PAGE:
From 1897 to 1901, Baxter’s career as a technical writer followed the course defined by his entry into the field, with a singular focus on electrical machinery. In 1897, he established a relationship with Power Publishing Co., publishers of the popular journal Power. This new employment opportunity, coupled with his existing association with American Machinist, established the primary outlets for most of his writing throughout the remainder of his career. These relationships were strengthened in 1902, when Hill Publishing purchased Power. From January 1897 to December 1900, Baxter authored 78 articles: 31 appeared in American Machinist, and 30 appeared in Power. During this period, he also wrote articles for a diverse set of other publications: Machinery, seven; Electrical World, five; Popular Science, three; Marine Engineering, one; and Scientific American, one. Baxter’s articles embraced the same broad range of topics explored in his first year of writing and included a lengthy series titled “Hints on the Care of Electrical Machinery,” aimed at providing general instruction to readers on a variety of topics.
In May 1901, Baxter’s editorial focus shifted from writing broadly about electrical machinery to the exclusive exploration of one machine — the elevator. Given the growing interest in electric elevators in the early 20th century, this change of focus seems logical. However, his new subject was not, in fact, electric elevators. His first five articles, published in 1901, concerned hydraulic elevators. These were followed by a five-part series on elevator safety devices, written for American Machinist in 1902, and four additional articles on hydraulic elevators published in The Engineer in 1904. No explanation for this shift in focus has been found, nor is it known why Baxter, an acknowledged expert in electrical machinery, was assumed to have the technical competency to write about hydraulic elevators. Another mystery, which has a plausible solution, is why Baxter’s productivity suddenly dropped off after 1902. (No articles have been found that were published in 1903 or 1905.)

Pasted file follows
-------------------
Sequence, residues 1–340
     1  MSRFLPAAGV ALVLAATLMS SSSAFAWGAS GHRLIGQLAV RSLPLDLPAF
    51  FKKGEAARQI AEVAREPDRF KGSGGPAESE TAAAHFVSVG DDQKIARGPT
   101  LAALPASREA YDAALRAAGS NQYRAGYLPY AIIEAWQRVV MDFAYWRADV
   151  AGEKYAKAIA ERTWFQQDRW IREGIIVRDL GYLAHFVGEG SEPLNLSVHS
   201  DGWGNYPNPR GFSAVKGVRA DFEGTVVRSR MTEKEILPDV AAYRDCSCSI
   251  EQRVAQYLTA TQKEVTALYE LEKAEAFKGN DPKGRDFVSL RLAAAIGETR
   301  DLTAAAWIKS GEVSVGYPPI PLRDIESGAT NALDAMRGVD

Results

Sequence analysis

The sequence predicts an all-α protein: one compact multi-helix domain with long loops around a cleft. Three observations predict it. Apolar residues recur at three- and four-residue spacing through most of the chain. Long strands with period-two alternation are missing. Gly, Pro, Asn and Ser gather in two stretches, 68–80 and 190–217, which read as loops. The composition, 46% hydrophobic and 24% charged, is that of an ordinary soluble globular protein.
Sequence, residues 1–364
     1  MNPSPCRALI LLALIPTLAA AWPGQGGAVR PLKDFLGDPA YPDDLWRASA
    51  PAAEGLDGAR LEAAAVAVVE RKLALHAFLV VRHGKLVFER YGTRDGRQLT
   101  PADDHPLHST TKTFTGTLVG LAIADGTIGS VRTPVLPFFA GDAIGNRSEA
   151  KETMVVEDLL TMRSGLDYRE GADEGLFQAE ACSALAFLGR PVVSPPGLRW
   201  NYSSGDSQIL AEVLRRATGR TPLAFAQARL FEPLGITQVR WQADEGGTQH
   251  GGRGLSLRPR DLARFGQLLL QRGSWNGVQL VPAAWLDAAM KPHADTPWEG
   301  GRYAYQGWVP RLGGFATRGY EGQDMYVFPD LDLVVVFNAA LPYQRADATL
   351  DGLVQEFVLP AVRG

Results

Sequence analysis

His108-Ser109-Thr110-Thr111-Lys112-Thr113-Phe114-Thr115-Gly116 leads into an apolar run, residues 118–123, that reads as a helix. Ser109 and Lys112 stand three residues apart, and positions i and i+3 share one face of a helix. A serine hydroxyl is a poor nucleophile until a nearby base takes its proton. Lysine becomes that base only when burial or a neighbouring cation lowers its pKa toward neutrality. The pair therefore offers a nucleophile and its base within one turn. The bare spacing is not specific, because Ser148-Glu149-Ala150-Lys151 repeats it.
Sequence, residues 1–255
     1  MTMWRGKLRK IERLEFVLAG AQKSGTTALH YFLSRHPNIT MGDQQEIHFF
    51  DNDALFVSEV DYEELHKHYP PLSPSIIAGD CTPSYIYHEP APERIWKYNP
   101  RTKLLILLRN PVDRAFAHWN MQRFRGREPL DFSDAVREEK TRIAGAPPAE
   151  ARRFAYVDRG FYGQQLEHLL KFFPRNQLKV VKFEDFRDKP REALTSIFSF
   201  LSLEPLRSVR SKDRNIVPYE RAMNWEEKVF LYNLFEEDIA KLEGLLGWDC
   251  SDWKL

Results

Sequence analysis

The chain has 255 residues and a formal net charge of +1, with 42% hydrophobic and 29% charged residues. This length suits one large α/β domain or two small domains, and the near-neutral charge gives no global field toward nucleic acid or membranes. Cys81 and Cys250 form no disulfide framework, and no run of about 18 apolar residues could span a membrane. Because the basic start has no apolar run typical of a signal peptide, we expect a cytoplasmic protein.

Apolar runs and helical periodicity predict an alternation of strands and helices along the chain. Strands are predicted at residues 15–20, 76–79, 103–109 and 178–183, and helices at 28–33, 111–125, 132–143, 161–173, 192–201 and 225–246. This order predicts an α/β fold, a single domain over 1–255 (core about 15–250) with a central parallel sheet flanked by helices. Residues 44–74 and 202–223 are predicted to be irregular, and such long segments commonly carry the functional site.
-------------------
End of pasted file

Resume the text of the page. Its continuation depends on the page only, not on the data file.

Baxter faded from the pages of American Machinist, Power and other magazines because he had turned his attention to larger projects. In 1903, he authored a 23-page pamphlet titled Commutator Construction, which was the third in a series of “practical papers” published by Derry-Collard Co. of New York. A contemporary review reported that Baxter’s work was “a comprehensive and easily understood discussion of this subject, [intended] to assist those having charge of dynamos and motors. The treatment is plain and complete, and the illustrations are numerous and clear.” The pamphlet’s popularity was such that a fifth edition was published in 1919.